August 11, 2006

Hidden Heroes
by Max Lucado

A revival can begin with one sermon. History proves it. John Egglen had never preached a sermon in his life. Never.

Wasn’t that he didn’t want to, just never needed to. But then one morning he did. The snow left his town of Colchester, England, buried in white. When he awoke on that January Sunday in 1850, he thought of staying home. Who would go to church in such weather?

But he reconsidered. He was, after all, a deacon. And if the deacons didn’t go, who would? So he put on his boots, hat, and coat and walked the six miles to the Methodist Church.

He wasn’t the only member who considered staying home. In fact, he was one of the few who came. Twelve members and one visitor. Even the minister was snowed in. Someone suggested they go home. Egglen would hear none of that. They’d come this far; they would have a service. Besides, they had a visitor. A thirteen-year-old boy.

But who would preach? Egglen was the only deacon. It fell to him.

And so he did. His sermon lasted only ten minutes. It drifted and wandered and made no point in an effort to make several. But at the end, an uncharacteristic courage settled upon the man. He lifted his eyes and looked straight at the boy and challenged: “Young man, look to Jesus. Look! Look! Look!”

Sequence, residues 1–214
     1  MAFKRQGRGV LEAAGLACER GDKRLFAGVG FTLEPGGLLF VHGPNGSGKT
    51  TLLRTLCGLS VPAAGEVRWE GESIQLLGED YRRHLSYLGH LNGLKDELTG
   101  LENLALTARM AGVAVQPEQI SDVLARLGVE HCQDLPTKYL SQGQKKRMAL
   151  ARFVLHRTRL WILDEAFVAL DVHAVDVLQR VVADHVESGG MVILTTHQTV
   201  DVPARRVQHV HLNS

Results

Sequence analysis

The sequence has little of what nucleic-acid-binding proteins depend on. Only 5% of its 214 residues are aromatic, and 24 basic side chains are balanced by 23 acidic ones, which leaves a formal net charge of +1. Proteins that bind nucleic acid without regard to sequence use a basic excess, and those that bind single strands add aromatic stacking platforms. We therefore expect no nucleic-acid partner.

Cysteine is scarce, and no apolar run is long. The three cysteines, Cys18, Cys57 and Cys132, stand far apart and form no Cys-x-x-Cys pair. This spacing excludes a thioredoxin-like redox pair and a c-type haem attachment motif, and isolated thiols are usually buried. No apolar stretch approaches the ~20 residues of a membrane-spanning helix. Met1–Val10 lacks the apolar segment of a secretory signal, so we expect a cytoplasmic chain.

Did the challenge make a difference? Let the boy, now a man, answer. “I did look, and then and there the cloud on my heart lifted, the darkness rolled away, and at that moment I saw the sun.”

The boy’s name? Charles Haddon Spurgeon. England’s prince of preachers.

Did Egglen know what he’d done? No. Do heroes know when they are heroic? Rarely. Are historic moments acknowledged when they happen?

You know the answer to that one. (If not, a visit to the manger will remind you.) We seldom see history in the making, and we seldom recognize heroes.

But we’d do well to keep our eyes open. Tomorrow’s Spurgeon might be mowing your lawn. And the hero who inspires him might be nearer than you think.

He might be in your mirror.


From When God Whispers Your Name
Copyright 1994, Max Lucado